The computing giant said software vulnerabilities hoarded by governments had caused “widespread damage”, the BBC reported.
A statement from Microsoft President and Chief Legal Officer Brad Smith on Sunday criticized the way governments store up information about security flaws in computer systems.
US intelligence identified the latest virus attack last week exploits a flaw in a version of Microsoft Windows.
BBC report said that many firms have had experts working over the weekend to prevent new infections. The virus took control of users’ files and demanded $300 payments to restore access.
Experts have warned, the spread of the virus slowed over the weekend but the respite might only be brief. More than 200,000 computers have been affected so far all over the world.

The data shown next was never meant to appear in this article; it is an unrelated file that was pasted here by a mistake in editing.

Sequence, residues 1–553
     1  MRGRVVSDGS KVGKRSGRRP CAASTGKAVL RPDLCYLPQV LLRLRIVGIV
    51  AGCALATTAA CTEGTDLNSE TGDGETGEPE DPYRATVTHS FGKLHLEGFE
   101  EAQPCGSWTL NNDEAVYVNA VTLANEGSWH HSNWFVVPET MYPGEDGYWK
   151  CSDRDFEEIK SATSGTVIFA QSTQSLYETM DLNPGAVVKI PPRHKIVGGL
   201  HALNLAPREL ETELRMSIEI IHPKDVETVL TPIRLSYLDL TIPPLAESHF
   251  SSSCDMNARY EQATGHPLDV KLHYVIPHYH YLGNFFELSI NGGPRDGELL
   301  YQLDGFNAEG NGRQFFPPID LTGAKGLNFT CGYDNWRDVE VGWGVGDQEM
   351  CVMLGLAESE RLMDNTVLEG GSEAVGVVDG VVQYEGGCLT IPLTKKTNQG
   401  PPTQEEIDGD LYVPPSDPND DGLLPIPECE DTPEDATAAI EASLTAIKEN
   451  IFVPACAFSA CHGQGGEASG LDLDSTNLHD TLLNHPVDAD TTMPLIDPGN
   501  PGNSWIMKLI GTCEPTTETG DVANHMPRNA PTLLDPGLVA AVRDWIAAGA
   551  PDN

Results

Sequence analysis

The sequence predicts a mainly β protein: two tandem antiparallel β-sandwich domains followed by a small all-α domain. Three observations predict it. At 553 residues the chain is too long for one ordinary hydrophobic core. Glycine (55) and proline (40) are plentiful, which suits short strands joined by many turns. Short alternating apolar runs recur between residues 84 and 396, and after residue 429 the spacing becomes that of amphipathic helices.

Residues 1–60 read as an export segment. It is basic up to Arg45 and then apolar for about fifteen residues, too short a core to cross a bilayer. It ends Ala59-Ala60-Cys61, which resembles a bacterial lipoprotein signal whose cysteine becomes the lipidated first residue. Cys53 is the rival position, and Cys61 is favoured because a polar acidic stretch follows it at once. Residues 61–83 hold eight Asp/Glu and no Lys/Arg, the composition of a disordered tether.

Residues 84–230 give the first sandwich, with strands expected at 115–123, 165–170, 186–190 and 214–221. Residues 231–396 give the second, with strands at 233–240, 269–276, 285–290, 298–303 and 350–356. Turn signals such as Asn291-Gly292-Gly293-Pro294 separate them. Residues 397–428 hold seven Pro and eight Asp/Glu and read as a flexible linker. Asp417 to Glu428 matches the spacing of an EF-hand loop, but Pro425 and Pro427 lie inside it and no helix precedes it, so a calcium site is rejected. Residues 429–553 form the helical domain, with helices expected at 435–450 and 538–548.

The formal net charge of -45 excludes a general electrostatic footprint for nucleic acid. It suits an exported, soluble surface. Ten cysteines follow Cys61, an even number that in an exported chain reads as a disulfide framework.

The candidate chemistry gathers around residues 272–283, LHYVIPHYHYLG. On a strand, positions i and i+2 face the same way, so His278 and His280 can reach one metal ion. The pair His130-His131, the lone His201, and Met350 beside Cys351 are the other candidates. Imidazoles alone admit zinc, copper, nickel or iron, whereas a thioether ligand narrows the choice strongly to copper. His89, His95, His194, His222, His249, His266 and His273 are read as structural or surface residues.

“An equivalent scenario with conventional weapons would be the US military having some of its Tomahawk missiles stolen.”
“The governments of the world should treat this attack as a wake-up call.” The Microsoft President added.
Microsoft said it had released a Windows security update in March to tackle the problem involved in the latest attack, but many users were yet to run it.
“As cybercriminals changed more complex, there is simply no way for consumers to protect themselves against threats unless they update their systems,” BBC quoted Smith as saying.